House Democratic Caucus Chairman Hakeem Jeffries and Vice Chairwoman Katherine M. Clark conduct a news conference after a caucus meeting in the Capitol in January. (Tom Williams/CQ Roll Call file photo)

House Democrats will consider making public their internal party rules after pressure from outside groups who say such a move would exemplify the party’s “commitment to open government.” 

“We believe in transparency and accountability,” Caucus Chairman Hakeem Jeffries wrote Thursday in a letter obtained by Roll Call, “and in that spirit, this issue will be presented to the Caucus for consideration in short order.” 

K Street women seek closer ties to female lawmakers
“The aim is to support the growth of women running for office”

A collection of female lobbyists and organizations is launching a new bipartisan effort, called 131 & Counting, to build connections with the unprecedented number of women serving in Congress and to encourage more women to run for office. (Bill Clark/CQ Roll Call file photo)

The 131 female lawmakers on Capitol Hill have inspired a new collaboration on K Street that swaps in girl power for the ol’ boys club.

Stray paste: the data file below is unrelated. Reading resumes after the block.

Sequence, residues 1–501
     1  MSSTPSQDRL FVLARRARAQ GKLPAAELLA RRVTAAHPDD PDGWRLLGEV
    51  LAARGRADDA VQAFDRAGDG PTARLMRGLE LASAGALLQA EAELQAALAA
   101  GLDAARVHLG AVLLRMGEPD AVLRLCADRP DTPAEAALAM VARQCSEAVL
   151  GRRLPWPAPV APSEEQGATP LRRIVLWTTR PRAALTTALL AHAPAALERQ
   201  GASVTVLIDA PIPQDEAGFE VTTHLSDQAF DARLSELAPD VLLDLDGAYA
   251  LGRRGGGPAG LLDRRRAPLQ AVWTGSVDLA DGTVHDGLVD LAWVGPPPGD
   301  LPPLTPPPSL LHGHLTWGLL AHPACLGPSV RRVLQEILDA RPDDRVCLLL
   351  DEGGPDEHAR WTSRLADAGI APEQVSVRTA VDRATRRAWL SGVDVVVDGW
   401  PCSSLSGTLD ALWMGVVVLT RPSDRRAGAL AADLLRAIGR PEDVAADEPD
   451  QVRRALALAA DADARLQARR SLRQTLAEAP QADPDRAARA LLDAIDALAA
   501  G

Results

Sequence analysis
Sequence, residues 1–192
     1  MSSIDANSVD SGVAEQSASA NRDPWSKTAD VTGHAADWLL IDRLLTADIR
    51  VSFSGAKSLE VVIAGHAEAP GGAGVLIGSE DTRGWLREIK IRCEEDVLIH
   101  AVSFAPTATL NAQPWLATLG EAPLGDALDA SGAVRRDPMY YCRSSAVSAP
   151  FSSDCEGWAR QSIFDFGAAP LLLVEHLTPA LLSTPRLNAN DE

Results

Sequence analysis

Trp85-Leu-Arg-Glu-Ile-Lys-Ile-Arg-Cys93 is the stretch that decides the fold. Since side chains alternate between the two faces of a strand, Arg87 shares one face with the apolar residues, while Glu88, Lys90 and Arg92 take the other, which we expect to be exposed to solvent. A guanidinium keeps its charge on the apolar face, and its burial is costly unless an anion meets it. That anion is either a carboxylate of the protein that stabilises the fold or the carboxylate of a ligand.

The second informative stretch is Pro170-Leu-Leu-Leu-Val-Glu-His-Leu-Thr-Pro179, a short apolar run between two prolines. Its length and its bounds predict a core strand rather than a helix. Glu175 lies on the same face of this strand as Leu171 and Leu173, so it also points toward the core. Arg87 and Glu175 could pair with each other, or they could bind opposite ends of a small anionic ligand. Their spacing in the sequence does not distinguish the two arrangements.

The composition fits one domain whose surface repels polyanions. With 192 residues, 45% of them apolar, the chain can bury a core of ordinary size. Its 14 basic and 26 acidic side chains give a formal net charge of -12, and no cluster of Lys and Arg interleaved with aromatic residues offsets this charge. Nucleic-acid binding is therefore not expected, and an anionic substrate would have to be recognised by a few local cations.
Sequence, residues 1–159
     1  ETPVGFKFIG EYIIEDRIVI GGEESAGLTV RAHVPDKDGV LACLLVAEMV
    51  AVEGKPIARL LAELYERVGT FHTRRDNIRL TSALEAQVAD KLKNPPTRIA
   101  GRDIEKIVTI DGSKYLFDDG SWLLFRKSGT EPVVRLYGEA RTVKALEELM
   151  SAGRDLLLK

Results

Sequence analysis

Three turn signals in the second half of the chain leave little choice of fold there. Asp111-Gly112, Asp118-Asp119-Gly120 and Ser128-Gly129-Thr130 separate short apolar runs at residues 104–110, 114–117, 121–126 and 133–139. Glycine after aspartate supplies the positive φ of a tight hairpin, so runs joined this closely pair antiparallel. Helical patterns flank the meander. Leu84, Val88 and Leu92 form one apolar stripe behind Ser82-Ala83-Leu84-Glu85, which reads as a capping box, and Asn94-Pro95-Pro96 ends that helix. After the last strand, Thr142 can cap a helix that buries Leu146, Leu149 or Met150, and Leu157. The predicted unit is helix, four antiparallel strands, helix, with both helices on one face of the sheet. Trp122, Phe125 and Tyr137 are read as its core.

A collection of female lobbyists and organizations is launching a new bipartisan effort, called 131 & Counting, to fete the unprecedented number of women serving in the House and Senate (including four nonvoting delegates), to build connections with them, and to encourage more women to run for office.

Photos of the Week: Federal workers protest, visit food drives and miss their second paycheck
The week of Jan. 21 as captured by Roll Call's photographers

Chef José Andrés, right, and Sen. Tim Kaine, D-Va., take a tour on Tuesday of Andrés' World Central Kitchen, which is serving free meals and goods to federal workers who have been affected by the partial government shutdown in downtown Washington. (Tom Williams/CQ Roll Call)

From celebrity chefs preparing meals alongside the speaker, to protests, to canceled member retreats and a second missed paycheck for federal workers deemed essential — signs of the partial government shutdown are almost everywhere on Capitol Hill.

Here's the entire week in photos:

These House Democrats marched to the Senate before Thursday votes
Their message was to urge senators to vote "to end the Trump-McConnell shutdown," Rep. Barbara Lee said.

Freshman Rep. Alexandria Ocasio-Cortez, D-N.Y., walks to the Senate floor with other House members on Thursday, Jan. 24, 2019. (Tom Williams/ CQ Roll Call)

Democratic House members marched from their chamber to the Senate Thursday afternoon, walking onto the floor just as the upper chamber took votes on two competing proposals that would have reopened government.

Their message is to urge senators to vote “to end the Trump-McConnell shutdown,” Rep. Barbara Lee said.